NJTC Annual Meeting Discusses Changes in the Way Knowledge-Based Workers Work

Photo: David Sorin moderated the discussions at the NJTC annual meeting in July. Photo Credit: NJTC
David Sorin moderated the discussions at the NJTC annual meeting in July. | NJTC

The New Jersey Tech Council (NJTC) tried out an unconventional format at its annual meeting July 18, 2013. Participants were asked to sit down for lunch at a table where a topic of particular interest to the tech community would be discussed. A thought leader was stationed at each table to facilitate the conversation.

Some of the most interesting discussions centered on observed changes in how knowledge workers get work done these days, including the influence of mobile. With these discussions the NJTC is acknowledging that coworking and cost cutting have had effects, for better or worse, on the IT workforce and even on the real estate market as we know it.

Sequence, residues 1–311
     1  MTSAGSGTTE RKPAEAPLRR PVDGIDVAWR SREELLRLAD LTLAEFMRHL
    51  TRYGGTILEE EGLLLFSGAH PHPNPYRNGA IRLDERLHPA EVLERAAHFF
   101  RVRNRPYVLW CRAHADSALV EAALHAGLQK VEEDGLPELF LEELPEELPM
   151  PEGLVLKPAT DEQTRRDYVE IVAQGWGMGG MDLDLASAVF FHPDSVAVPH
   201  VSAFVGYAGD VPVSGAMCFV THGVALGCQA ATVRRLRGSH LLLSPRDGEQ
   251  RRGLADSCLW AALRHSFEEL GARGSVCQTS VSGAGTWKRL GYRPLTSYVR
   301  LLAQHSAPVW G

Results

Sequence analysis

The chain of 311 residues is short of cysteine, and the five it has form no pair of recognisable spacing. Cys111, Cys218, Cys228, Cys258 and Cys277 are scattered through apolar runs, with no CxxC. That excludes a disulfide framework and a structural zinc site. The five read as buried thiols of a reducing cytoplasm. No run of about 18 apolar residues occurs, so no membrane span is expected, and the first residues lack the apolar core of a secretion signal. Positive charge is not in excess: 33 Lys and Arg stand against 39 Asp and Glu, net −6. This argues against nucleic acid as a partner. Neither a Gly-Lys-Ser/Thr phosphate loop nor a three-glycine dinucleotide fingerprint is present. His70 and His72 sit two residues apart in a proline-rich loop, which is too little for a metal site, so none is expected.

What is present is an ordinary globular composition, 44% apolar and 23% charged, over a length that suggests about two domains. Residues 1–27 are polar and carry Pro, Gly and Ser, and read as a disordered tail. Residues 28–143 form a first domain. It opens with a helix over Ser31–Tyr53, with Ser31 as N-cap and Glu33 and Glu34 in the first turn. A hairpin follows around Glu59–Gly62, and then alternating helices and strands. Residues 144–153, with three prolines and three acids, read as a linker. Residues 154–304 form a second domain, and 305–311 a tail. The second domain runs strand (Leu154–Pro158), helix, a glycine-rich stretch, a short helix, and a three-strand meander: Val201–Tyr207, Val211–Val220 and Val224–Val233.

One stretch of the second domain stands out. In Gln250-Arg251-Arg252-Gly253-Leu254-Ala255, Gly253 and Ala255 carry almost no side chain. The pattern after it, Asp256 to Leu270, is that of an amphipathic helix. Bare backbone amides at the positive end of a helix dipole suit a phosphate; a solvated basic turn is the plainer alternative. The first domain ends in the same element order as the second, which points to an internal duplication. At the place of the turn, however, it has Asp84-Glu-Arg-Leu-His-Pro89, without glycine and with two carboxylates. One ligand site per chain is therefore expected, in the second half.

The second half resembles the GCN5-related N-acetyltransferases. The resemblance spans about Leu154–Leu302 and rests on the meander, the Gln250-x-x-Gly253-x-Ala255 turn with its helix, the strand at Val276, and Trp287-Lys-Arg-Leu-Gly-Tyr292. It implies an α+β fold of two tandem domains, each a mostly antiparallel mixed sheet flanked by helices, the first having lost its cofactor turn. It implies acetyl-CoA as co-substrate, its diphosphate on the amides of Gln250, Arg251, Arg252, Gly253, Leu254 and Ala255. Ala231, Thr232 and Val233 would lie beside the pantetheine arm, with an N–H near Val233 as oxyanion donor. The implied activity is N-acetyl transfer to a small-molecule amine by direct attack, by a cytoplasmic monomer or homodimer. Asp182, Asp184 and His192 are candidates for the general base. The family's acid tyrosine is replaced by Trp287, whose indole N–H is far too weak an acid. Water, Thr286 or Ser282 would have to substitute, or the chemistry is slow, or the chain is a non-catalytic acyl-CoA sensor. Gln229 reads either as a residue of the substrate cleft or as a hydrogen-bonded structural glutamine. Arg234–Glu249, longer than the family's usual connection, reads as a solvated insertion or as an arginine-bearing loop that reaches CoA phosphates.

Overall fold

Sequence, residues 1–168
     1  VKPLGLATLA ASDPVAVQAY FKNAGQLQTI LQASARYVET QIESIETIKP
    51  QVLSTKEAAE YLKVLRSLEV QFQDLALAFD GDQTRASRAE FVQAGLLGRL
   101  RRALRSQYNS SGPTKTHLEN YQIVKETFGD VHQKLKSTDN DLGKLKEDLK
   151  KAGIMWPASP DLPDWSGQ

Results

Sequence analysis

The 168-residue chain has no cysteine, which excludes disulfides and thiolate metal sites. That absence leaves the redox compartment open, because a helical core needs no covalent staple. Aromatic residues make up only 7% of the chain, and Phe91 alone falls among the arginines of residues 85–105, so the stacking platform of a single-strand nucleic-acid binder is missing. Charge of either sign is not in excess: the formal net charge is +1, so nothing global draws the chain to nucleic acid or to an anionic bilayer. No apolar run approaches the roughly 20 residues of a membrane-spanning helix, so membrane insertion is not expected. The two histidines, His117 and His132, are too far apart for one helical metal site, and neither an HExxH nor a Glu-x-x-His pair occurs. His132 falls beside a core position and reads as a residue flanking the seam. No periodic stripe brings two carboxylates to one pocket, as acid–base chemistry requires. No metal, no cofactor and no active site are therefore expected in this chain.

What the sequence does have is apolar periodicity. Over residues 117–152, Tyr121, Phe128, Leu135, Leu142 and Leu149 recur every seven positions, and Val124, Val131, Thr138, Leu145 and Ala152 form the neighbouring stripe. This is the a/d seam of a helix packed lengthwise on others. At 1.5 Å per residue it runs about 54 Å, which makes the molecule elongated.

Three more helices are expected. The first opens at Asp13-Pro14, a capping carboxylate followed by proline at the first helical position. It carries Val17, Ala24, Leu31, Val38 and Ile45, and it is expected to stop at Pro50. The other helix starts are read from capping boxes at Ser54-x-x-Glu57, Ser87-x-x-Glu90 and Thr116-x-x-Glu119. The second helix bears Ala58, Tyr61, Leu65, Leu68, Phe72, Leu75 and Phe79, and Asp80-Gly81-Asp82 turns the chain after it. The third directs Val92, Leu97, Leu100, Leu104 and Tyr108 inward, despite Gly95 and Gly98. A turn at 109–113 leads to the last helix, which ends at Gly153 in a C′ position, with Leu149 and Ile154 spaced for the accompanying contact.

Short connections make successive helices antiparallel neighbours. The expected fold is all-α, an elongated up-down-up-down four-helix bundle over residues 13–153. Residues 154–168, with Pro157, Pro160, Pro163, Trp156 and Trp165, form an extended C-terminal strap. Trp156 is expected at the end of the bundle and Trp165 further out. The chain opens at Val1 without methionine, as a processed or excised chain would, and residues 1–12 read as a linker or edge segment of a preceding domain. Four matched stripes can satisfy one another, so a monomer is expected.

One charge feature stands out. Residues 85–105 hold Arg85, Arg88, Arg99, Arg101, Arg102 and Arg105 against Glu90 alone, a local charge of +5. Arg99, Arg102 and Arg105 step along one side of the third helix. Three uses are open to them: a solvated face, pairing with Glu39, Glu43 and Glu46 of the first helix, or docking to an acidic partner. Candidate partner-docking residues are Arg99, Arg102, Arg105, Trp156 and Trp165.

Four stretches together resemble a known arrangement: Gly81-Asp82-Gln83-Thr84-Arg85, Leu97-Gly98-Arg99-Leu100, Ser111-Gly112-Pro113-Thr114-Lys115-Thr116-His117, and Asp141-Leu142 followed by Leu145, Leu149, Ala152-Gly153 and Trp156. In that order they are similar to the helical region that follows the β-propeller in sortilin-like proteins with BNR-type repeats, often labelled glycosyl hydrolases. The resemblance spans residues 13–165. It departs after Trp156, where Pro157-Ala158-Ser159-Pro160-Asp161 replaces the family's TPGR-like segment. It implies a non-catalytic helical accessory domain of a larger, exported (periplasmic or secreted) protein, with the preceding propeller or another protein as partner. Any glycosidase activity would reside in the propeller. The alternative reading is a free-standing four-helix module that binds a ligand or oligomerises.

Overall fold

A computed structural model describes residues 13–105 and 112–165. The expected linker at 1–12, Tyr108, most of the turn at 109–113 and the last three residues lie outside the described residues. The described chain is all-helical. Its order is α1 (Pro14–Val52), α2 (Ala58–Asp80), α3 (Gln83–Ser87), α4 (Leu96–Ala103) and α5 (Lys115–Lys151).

David Sorin of SorinRand (East Brunswick), who moderated the event, pointed out that companies are becoming less “land intensive,” with more work occurring remotely. Big, stable company spaces are going to be needed less, he said, adding, “We have to figure out what we are going to do about this.”

A table devoted to conferencing and collaboration applications, hosted by Tonya Turner, account director of collaboration services for Level 3 Communications (Broomfield, Colo.), discussed the new reality. “Our table’s priority addressed the paradigm shift for all knowledge workers who are being asked to do more with less,” she said in a summary. Those workers are subject to increased goals and workloads and a decrease in overall IT support within most companies.